They will probably like to spend their day sleeping and joining you for daily walkies making the ultimate companion for a wide variety of lifestyles. Adopting a senior dog also means you are far less likely to have to worry about your favourite shoes being eaten or that book you’re reading being shredded to a pulp.
Whilst they might need a helping hand getting up onto the sofa and going outside from time to time, adopting a senior can open up your eyes to the reality of animal compassion.
Bringing a senior home allows them to (in some cases, finally) form a deep connection with a human. Sadly, some dogs have never had this bond before and whilst it can take some time for them to open up, once they do, the connection is unbreakable.
Senior dogs can change your outlook on life, providing you with more patience not only in caring for them but in the way you go about your day-to-day activities Whilst they might hobble along a bit on their walks and move about a bit slower than you’re used to, their sweet charm and presence is truly a joy to be around.
When life feels like it's going at 100mph, having a senior dog by your side can serve as a beautiful reminder to stop, slow down, and enjoy each moment as it comes instead of juggling a million tasks, deadlines, and due dates all at once.
Senior dogs often show a new lease of life once they’re adopted. Though we can’t communicate with our canine companions, there is an unspoken understanding between us.
Like wine, cheese, and all good things in life, dogs also get better with age. Though they may be older, their huge personalities truly know no bounds. Take @eugenetheseniordog, for example, an Instagram account built to document life with senior dogs and bring awareness to the joys adopting can bring.
Owners, Adrian and Spencer, currently live with a seemingly ever-growing pack of adorable dogs, most of them seniors and rescued from shelters. The stories they share focus largely on the day-to-day life with senior dogs as well as acknowledging some of the trivial questions received by followers such as, “I don’t know how you could do it. I’d get too attached” and “Why do you even adopt old dogs in the first place? Wouldn’t you rather have a puppy?”
Adrian shuts these questions down in the most incredible way, stating in one of her Instagram Reels, “you getting attached isn’t the worst case scenario…in my mind, the worst thing is the dog dying alone in a shelter”. But what makes @eugenetheseniordog so spectacular is not just the celebration of every one of their unique dogs but the recognition of their privilege.
Whilst they create the most perfectly executed videos to trending sounds with their bounty of rescue pups (see Emma in her jumpers), they also delve deeper into their awareness of privilege and the nuances within the rescue community. People don’t give up dogs because it’s fun, people give up dogs often due to systemic oppression that leaves them with no other option.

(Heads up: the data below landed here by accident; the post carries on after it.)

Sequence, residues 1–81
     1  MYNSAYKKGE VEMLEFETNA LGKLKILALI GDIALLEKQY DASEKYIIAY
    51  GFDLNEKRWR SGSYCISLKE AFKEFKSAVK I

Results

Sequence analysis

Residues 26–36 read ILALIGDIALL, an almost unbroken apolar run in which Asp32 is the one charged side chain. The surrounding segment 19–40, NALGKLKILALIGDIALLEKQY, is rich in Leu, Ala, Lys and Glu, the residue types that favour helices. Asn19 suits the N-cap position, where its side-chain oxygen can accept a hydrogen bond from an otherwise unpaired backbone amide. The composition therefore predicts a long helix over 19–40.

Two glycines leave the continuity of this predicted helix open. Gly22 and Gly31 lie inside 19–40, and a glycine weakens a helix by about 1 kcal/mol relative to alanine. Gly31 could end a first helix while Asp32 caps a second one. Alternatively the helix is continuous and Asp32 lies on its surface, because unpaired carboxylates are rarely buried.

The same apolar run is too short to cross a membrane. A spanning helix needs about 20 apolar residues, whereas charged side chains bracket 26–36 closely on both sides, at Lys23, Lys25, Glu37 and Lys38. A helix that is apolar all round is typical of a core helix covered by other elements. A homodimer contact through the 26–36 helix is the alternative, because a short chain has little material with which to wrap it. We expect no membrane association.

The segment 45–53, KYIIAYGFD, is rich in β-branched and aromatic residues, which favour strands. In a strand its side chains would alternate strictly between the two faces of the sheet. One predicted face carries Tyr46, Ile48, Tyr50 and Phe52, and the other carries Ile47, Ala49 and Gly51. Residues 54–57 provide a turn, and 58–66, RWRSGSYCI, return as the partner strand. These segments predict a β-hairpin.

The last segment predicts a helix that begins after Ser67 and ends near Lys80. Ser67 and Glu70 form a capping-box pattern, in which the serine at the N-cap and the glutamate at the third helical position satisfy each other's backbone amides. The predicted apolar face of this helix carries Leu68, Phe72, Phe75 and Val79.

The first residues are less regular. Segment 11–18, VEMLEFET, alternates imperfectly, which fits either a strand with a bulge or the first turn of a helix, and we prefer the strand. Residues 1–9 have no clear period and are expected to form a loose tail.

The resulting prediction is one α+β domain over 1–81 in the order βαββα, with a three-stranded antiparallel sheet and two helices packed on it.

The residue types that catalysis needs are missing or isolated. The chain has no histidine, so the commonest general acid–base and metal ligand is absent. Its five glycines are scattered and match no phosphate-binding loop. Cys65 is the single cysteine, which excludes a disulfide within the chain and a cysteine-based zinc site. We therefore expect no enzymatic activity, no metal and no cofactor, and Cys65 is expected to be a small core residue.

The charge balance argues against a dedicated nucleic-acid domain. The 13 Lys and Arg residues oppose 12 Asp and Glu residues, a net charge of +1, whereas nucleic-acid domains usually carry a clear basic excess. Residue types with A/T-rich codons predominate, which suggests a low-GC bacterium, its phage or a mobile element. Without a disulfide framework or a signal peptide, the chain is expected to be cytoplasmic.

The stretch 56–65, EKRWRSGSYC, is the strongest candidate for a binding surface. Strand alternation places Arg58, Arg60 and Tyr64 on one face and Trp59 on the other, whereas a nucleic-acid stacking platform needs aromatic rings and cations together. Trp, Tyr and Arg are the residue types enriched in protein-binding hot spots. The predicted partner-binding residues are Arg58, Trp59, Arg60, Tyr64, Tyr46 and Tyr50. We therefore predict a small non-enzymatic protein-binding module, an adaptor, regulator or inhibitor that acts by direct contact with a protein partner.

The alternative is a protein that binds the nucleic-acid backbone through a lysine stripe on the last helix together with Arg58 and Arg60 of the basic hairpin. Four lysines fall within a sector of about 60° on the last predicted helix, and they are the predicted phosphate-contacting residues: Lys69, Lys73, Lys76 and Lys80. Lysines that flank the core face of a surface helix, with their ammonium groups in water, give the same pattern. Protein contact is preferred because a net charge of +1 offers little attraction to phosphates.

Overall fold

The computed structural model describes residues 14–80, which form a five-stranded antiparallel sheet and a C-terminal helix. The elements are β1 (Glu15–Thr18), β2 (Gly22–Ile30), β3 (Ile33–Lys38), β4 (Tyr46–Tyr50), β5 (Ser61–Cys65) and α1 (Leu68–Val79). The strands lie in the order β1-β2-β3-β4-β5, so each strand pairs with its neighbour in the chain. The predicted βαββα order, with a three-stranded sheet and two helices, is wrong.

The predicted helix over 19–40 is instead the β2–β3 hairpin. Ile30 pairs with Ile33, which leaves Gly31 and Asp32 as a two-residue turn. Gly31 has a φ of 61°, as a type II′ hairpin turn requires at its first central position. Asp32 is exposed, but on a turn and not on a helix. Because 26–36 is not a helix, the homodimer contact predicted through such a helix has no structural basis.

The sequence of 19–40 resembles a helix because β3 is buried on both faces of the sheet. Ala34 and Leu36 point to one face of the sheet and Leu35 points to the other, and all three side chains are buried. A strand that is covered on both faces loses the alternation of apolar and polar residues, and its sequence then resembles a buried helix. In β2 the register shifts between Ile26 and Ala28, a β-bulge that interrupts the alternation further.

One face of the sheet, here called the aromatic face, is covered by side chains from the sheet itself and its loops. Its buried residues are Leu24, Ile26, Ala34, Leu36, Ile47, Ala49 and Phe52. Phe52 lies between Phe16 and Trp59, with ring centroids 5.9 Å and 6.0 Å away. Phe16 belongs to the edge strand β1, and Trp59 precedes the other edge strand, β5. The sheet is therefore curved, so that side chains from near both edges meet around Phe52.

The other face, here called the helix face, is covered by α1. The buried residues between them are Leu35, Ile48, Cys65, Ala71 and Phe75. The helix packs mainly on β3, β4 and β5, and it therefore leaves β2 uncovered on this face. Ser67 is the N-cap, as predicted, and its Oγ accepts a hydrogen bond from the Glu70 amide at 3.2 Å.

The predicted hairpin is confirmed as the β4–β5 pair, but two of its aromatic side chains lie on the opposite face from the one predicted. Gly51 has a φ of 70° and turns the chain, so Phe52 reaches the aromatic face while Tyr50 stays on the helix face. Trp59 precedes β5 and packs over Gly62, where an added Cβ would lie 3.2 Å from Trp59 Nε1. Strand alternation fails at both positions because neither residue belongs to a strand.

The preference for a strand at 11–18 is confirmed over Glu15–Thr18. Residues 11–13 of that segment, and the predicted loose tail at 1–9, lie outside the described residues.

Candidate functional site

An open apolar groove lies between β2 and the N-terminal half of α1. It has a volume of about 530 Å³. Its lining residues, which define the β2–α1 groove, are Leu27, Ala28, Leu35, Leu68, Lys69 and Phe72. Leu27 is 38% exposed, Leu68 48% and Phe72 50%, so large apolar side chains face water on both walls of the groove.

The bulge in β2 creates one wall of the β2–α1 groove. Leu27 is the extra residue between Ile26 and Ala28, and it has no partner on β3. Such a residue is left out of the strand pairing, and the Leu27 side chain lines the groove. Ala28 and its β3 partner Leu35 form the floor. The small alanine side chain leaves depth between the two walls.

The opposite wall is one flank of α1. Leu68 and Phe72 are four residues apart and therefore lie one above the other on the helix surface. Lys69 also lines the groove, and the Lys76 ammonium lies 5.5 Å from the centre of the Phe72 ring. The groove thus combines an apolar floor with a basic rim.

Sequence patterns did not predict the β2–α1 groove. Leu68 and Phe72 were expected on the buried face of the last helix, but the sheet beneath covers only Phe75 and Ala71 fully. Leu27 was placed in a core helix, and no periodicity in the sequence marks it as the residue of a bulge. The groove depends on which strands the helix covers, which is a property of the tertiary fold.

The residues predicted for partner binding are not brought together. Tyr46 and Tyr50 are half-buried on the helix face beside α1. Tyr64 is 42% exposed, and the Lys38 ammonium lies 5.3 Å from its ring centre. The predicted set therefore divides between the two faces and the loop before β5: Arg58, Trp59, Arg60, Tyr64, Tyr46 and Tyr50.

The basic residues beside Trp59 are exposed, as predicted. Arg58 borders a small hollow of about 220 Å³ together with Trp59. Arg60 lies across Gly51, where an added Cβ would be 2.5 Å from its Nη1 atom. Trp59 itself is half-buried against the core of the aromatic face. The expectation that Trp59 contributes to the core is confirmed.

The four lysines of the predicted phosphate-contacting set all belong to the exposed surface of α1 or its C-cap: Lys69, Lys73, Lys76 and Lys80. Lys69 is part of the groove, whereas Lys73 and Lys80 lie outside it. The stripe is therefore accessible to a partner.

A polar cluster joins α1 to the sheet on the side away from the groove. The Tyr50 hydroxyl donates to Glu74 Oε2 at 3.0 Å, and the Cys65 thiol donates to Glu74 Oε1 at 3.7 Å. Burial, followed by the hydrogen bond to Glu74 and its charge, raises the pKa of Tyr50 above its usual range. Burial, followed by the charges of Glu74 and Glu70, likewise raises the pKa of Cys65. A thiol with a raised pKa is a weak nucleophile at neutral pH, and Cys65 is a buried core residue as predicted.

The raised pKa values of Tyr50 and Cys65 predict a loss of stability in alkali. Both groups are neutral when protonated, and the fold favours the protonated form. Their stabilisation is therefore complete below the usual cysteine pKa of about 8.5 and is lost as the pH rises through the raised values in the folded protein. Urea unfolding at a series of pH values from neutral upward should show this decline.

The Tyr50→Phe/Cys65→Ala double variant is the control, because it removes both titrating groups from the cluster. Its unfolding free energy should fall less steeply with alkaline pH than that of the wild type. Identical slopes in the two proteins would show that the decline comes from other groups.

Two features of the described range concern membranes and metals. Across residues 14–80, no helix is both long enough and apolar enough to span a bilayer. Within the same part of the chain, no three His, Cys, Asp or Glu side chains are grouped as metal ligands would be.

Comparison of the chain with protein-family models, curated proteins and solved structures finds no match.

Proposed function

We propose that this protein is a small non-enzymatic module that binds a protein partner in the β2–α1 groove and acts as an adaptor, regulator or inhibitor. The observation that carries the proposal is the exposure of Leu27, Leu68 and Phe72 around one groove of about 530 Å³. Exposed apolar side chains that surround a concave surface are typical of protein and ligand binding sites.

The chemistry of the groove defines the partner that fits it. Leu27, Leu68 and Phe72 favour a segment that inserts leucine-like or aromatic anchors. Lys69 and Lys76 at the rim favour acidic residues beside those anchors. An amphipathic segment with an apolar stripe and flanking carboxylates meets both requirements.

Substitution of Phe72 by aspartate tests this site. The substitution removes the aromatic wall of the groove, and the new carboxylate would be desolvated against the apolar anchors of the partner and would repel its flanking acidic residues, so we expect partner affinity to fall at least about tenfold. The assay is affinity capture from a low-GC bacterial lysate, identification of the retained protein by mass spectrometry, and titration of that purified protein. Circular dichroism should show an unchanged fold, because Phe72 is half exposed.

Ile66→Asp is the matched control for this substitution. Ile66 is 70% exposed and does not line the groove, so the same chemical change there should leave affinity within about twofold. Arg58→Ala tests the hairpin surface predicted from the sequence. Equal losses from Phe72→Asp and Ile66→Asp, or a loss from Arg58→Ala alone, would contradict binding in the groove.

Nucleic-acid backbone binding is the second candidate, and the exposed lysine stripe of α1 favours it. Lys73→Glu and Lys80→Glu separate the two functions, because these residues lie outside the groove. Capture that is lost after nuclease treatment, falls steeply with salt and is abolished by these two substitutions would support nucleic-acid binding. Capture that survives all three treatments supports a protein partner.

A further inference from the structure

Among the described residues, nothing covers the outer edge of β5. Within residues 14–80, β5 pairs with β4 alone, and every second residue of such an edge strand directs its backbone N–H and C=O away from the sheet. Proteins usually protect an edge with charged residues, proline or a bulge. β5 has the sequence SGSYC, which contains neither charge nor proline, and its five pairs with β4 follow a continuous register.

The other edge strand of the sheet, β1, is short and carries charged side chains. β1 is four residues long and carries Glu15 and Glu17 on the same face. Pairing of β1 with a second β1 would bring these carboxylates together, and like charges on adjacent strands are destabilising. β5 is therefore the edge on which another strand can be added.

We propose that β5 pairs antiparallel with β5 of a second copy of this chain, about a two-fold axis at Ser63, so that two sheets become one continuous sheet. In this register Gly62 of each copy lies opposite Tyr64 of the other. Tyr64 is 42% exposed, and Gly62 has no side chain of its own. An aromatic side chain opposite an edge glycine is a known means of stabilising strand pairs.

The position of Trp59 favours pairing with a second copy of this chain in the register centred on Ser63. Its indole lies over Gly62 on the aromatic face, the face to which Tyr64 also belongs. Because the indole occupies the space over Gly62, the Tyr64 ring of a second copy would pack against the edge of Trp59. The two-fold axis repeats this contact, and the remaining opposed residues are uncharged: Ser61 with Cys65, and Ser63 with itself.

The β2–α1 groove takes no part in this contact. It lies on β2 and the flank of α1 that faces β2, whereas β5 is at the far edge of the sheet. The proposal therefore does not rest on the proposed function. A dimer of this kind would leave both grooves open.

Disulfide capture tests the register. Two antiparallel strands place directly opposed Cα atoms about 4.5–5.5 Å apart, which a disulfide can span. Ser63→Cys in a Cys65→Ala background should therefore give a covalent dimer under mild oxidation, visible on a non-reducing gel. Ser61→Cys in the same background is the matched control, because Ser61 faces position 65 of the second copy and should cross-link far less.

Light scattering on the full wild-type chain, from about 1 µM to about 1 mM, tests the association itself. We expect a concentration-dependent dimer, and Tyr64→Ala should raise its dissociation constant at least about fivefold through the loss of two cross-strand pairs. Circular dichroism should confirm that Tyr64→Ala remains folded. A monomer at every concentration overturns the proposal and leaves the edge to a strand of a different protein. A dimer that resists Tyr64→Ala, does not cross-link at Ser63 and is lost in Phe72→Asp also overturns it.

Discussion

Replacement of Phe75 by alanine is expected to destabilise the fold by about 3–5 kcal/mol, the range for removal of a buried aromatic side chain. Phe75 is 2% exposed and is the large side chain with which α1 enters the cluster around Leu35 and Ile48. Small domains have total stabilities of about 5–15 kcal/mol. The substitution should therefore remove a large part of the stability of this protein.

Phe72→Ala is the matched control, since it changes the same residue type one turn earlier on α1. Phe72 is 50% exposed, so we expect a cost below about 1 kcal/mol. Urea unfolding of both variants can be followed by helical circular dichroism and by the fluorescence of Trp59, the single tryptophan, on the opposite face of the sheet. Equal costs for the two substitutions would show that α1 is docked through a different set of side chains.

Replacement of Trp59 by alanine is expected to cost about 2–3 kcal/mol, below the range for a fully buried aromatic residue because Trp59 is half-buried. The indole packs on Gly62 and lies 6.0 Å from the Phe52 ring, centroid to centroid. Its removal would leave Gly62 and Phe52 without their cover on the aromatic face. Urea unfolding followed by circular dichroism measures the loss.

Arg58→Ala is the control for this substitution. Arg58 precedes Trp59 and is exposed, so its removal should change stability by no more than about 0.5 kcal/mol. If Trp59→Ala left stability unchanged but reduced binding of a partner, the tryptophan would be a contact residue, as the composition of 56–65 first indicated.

Both Adrian and Spencer are very aware of the advantages they face that allow them to do what they do. It is for this reason alone that they don’t tolerate any form of criticism or prying questions concerning their dog’s previous owners. More times than not, outrage is misdirected at owners who give up their pets, instead of the economic and systemic realities that force owners and pets to separate in the first place.
They also post informative content to help people understand the adjustments that may need to be made when living with a senior dog. And that’s all it is; an adjustment. Not a burden or a chore, but a different way to share your life with a dog and from the looks of it, it’s very fun.
Adrian and Spencer are compassionate pet parents and their loyalty to their senior dogs is truly unrivalled. Evidently seen in the attention given to all of them in equal measure and the commitments that they make to ensure each of their dogs is living life to the fullest every single day.
Speaking directly to Waggel, they say, “Adopting old dogs matters so much to us, in large part because it’s needed - so many old dogs find themselves homeless through no fault of their own, and they are typically the last dogs to get adopted at shelters. But, as much as it’s for them, it’s also for us. Anyone who has adopted or loved an old dog knows that it’s a really special kind of love. You don’t always know how long you’re going to get with them, so you focus on enjoying every day. We’ve also learned that not every old dog is frail or sickly!”
At Waggel, we know adoption isn’t a viable option for everyone, but if you are lucky enough to be able to adopt a dog or are thinking of learning more about the adoption process, all we can ask is that you take the time to consider a senior.
Choosing to adopt an older dog doesn’t just mean you’re taking home a new pet but you’re also taking home a new friend who is no stranger to the trials and tribulations of this thing we call life.
In a final note from Adrian and Spencer, they add, “Many old dogs, in a loving home, have the chance to have their second chance at really being a dog. Some of our old dogs aged in reverse after they’ve come home with us… and it’s really special to watch.”
The decision to adopt could change an old dog’s life and allow them to live out their final years feeling secure, safe, and loved. If you are in a position to do so, consider welcoming a golden oldie this Christmas and stopping them from spending another festive season in a shelter. We can assure you, the love that they can provide is enough to melt even Scrooge’s heart.